Augusto Monterroso wrote that sooner or later the Latin American writer faces three possible fates: exile, imprisonment or burial.
I met Roberto Bolaño right at the end of his period of imprisonment, although it would be more properly called one of anonymity, of isolation, being shut away.
I met him on the 21 November 1999 at Bar Novo in Blanes, a kind of granja catalana, one of those places characterised by their spotless milk-churn decor, but in reality they’re as foul as they are supposedly hygienic and all the more so for those who, like me in those days, loved the murky darkness of big nocturnal bars.
I’d gone into the Novo with Paula de Parma to have a juice, and I’d just ordered it when Bolaño walked in. Paula, who used to work at a secondary school in Blanes, had just read Distant Star (recently published by Anagrama) and I remember like it was yesterday her asking Bolaño if he was Bolaño. He was, he said. And I, Bolaño added, was Vila-Matas…
‘Jesus Christ!’ we heard uttered soon after.
The exclamation was Bolaño’s, and I have the impression the following conversation lasted as long as ‘the drawn out laughter of all these years’, as Fogwill would say.
I remember that I always talked to Roberto like we’d known each other all our lives. He was living with his wife Carolina López and their son Lautaro at 17, Carrer del Lloro (Parrot Street), and kept a little work space at no. 21. At no. 19 was the butcher’s where he got the inspiration for the memorable poem ‘Among Flies’: ‘Trojan poets / Now that nothing that might have been yours / Exists / Neither temples nor gardens / Nor poetry / You’re free / Admirable Trojan poets’.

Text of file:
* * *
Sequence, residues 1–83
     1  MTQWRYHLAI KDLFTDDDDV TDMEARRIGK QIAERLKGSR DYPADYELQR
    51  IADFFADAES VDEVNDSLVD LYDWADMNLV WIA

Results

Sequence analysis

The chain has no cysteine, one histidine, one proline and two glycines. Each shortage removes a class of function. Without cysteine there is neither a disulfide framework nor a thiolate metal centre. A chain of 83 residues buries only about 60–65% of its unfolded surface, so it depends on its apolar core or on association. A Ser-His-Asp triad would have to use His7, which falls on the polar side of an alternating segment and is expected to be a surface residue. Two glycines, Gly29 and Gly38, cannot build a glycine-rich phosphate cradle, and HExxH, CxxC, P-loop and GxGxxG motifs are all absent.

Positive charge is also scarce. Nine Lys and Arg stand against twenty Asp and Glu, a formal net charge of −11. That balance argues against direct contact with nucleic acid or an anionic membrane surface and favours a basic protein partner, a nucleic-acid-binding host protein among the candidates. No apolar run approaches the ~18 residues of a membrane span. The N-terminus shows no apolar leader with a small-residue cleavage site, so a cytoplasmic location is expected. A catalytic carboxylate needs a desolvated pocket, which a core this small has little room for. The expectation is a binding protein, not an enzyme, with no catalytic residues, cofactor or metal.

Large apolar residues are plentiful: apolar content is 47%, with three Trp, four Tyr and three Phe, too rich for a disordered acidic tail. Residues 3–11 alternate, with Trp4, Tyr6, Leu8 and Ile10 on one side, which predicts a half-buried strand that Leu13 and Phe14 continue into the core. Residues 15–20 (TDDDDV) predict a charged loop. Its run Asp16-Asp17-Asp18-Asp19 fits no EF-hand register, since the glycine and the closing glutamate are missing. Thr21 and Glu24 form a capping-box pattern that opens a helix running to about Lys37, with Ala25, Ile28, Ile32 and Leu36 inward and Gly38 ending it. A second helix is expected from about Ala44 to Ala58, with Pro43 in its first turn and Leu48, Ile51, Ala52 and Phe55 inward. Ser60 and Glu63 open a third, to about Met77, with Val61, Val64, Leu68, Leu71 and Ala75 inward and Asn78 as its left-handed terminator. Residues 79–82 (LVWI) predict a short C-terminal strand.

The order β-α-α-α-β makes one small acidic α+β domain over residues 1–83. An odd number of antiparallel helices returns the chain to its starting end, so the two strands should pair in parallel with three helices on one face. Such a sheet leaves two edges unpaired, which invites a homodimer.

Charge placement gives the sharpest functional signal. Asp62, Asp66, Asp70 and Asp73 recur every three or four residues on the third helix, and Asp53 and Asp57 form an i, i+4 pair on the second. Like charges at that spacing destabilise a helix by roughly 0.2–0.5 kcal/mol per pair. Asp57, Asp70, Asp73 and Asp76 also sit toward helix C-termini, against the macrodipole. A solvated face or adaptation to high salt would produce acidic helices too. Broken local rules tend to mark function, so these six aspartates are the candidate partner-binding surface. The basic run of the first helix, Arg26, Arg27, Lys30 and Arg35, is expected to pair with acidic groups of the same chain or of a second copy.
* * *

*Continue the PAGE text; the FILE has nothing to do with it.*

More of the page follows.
He didn’t have a telephone and his post box was at no. 441, where he hear if he’d picked up some regional prize; the of these was from San Sebastián at the end of 1996 for the story ‘Sensini’, a masterpiece. The value of that prize was really a very modest amount but Carolina and Roberto, who were living off her state salary, received the news with an enthusiasm more fitting for the Nobel than for a local competition.
My none too eloquent personal journal – composed with a certain dryness, containing just dates, notes and short comments – is, however, of invaluable help to me when it comes to recalling some of the places in Blanes we frequented in the heady years that followed: Debra, Bacchio, Bar del Puerto, Casino bar, Kiko, El Mexicanito, Ample cinema hall, Can Flores, Centro bar, Pastelería Planells, La Gran Muralla, Terrassans, L’Antic. We’d meet up in our respective homes, but also in these places – backdrops to conversations, quarrels, passions, sparks of creativity, endless discussions, laughter, phrases that slipped away like smoke: ‘Smoke with eyes half-closed and recite Provençal bards / the solitary to and fro of borders / this may be defeat but also the sea / and the taverns…’ (‘The Romantic Dogs’).